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Sonoma Valley AVA

by Staff Writer - K. Ash | June 30, 2011

Sonoma County and in particular the Sonoma Valley American Viticulture Area (AVA) hold a very special place in the history of Northern California winemaking. This can be seen in the fact that the Sonoma Valley AVA region is where the original California wine rush began. From these simple beginnings came the fame of Sonoma County and then the fame of the Napa Valley. Unfortunately for Sonoma County, winemaking did not remain a popular endeavor. Several theories exist as to the decline in Sonoma County winemaking but regardless of the theory, it was clear that change was on the horizon. A testament to this was the decline of the Buena Vista winery--arguably the most famous Sonoma County winery. The end result was that the Napa Valley took center stage as Northern California's and the United States premier wine-growing region. This was no small undertaking and the Napa Valley has maintained this position throughout the difficult Phylloxera and Prohibition years. Throughout this time, Sonoma County has continued to produce some of the finest quality grapes and wines. Recent history has shown that Sonoma County is developing more and more resident wineries. This should help to restore some former glory to a truly impressive wine region.

Critiquing wines and winemaking regions requires a basis of comparison. When reviewing the Sonoma Valley AVA, it is all too tempting to compare Sonoma Valley against the Napa Valley. The reason for this comparison is very simple. Both the Sonoma Valley AVA and the Napa Valley AVA share similar characteristics. Apart from the obvious size difference, both the Sonoma Valley AVA and the Napa Valley AVA sport similar growing conditions and even share the famous county overlapping AVA, Los Carneros. Without taking into account the recognized quality of Sonoma Valley wines, the fact that the Sonoma Valley AVA shares so many positive characteristics with the Napa Valley demonstrates the winemaking potential of the Sonoma Valley AVA.

As with all other American Viticultural Areas located in Sonoma County, the relationships concerning Sonoma Valley AVA can be quite confusing. The Sonoma Valley AVA is one of Sonoma County's three large AVA regions. Several sub-regions exist under the Sonoma Valley AVA and overlapping is also present. Referencing an AVA boundary map of Sonoma County will go a long way in helping you understand the relationships between the various AVAs of Sonoma County.

The Sonoma Valley AVA is located in the southeast corner of Sonoma County. About half of the Sonoma Valley AVA overlaps with the Sonoma Coast AVA. This is overlapping area where the Los Carneros AVA exists and crosses the county line into the Napa Valley. Two additional sub-regions are present in the Sonoma Valley AVA. These regions are the Bennett Valley AVA and the Sonoma Mountain AVA. As two of the smallest AVAs found in Sonoma County, these AVAs are located in the northwestern area of the Sonoma Valley AVA.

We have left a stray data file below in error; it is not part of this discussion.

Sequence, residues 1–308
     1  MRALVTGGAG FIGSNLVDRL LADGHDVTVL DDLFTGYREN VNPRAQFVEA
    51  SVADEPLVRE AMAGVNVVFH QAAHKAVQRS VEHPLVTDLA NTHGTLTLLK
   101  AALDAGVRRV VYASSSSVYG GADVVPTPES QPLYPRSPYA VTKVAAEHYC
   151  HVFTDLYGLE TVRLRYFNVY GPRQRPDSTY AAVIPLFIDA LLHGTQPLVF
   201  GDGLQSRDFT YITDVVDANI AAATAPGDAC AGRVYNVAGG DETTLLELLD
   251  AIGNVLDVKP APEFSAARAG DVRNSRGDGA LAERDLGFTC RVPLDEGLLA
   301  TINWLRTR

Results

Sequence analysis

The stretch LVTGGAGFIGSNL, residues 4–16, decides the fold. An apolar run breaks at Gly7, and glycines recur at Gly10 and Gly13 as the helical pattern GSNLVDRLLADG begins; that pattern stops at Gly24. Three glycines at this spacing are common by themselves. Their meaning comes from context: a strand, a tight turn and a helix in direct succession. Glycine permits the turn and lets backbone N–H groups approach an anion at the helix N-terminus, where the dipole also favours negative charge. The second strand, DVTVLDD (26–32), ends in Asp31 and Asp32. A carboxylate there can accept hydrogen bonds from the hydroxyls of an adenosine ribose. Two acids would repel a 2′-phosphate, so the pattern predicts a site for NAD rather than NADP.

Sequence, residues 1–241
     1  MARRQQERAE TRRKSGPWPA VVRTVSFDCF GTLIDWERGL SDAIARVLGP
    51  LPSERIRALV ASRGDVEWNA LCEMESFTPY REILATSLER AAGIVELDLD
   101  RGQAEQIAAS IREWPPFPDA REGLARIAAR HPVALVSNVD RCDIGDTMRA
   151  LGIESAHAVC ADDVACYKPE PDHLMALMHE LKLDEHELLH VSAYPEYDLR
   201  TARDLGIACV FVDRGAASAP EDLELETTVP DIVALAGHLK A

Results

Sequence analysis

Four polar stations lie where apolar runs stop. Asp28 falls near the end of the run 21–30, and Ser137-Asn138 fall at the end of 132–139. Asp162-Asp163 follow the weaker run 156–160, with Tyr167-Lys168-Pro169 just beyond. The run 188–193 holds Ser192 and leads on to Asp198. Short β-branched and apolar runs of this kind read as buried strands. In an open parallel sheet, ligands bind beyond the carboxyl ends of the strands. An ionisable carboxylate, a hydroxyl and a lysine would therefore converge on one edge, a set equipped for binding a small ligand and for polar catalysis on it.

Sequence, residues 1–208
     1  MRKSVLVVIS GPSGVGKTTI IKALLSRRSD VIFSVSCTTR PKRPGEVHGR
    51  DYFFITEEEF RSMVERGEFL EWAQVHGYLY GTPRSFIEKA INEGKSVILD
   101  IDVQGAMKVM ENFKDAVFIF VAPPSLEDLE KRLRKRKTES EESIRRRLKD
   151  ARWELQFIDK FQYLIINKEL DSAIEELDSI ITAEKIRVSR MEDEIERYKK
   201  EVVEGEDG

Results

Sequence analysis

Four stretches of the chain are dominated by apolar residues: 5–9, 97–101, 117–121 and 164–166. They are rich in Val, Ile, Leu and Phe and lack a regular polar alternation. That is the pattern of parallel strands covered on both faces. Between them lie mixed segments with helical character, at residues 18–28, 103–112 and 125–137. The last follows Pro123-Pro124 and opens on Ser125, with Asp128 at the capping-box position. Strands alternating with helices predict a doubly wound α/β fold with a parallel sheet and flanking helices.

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As mentioned earlier, climate conditions of the Sonoma Valley AVA are very similar to climate conditions found within the Napa Valley AVA. It is typically cooler in the southern parts of the Sonoma Valley AVA with cool fog from the San Pablo bay reaching into the valley. Temperatures tend to increase as the valley progresses further north and inland. Due to this fact, noticeable warmer temperatures are easily detected at the start of the Sonoma Mountain AVA. In addition to temperature similarities, the rainfall and soil types of the Sonoma Valley AVA are strikingly similar to that of the Napa Valley. Soil types are varied with differences seen between valley floor soils and mountain face soils. Typically valley floor soils are very fertile and possess loam characteristics while the mountain soils tend to be rockier and well drained.

Due to the variations in temperature throughout the Sonoma Valley AVA, vintners are still experimenting with finding grape varieties that are best suited to local microclimates. As the southern Sonoma Valley AVA is cooler than the north, cool climate grape varieties are being introduced in the south. Varieties such as Chardonnay, Pinot Noir, Gewurztraminer and Merlot are being introduced with varying degrees of success.

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Again, sharing a similarity with the Napa Valley, the northern areas of the Sonoma Valley AVA can best be described as a haven of red wine production. Varieties such as Cabernet Sauvignon and Zinfandel do exceptionally well in the northern Sonoma Valley AVA. Cabernet Sauvignons produced in the northern Sonoma Valley AVA can be described as big graceful wines. Hints of warmth along with an iron earthy quality are present alongside a refined fruits and tannin characteristics.

Zinfandel wines produced in the northern areas of the Sonoma Valley AVA show a great deal of promise as well. Surprisingly, the Zinfandel wines produced in the northern areas of the Sonoma Valley AVA do not share many of the strong characteristics of the northern Sonoma Valley AVA Cabernet Sauvignons. Zinfandels produced in the northern Sonoma Valley AVA have a gentle nature and are very similar to the Zinfandels produced in the Dry Creek Valley AVA of Sonoma County. The fact that Zinfandel enthusiasts consider Dry Creek Valley as the vanguard of Zinfandel production demonstrates the quality level found within northern Sonoma Valley AVA Zinfandels. The only major difference found in Sonoma Valley AVA Zinfandels is the inclusion of berry qualities and a reduction of tar flavors.

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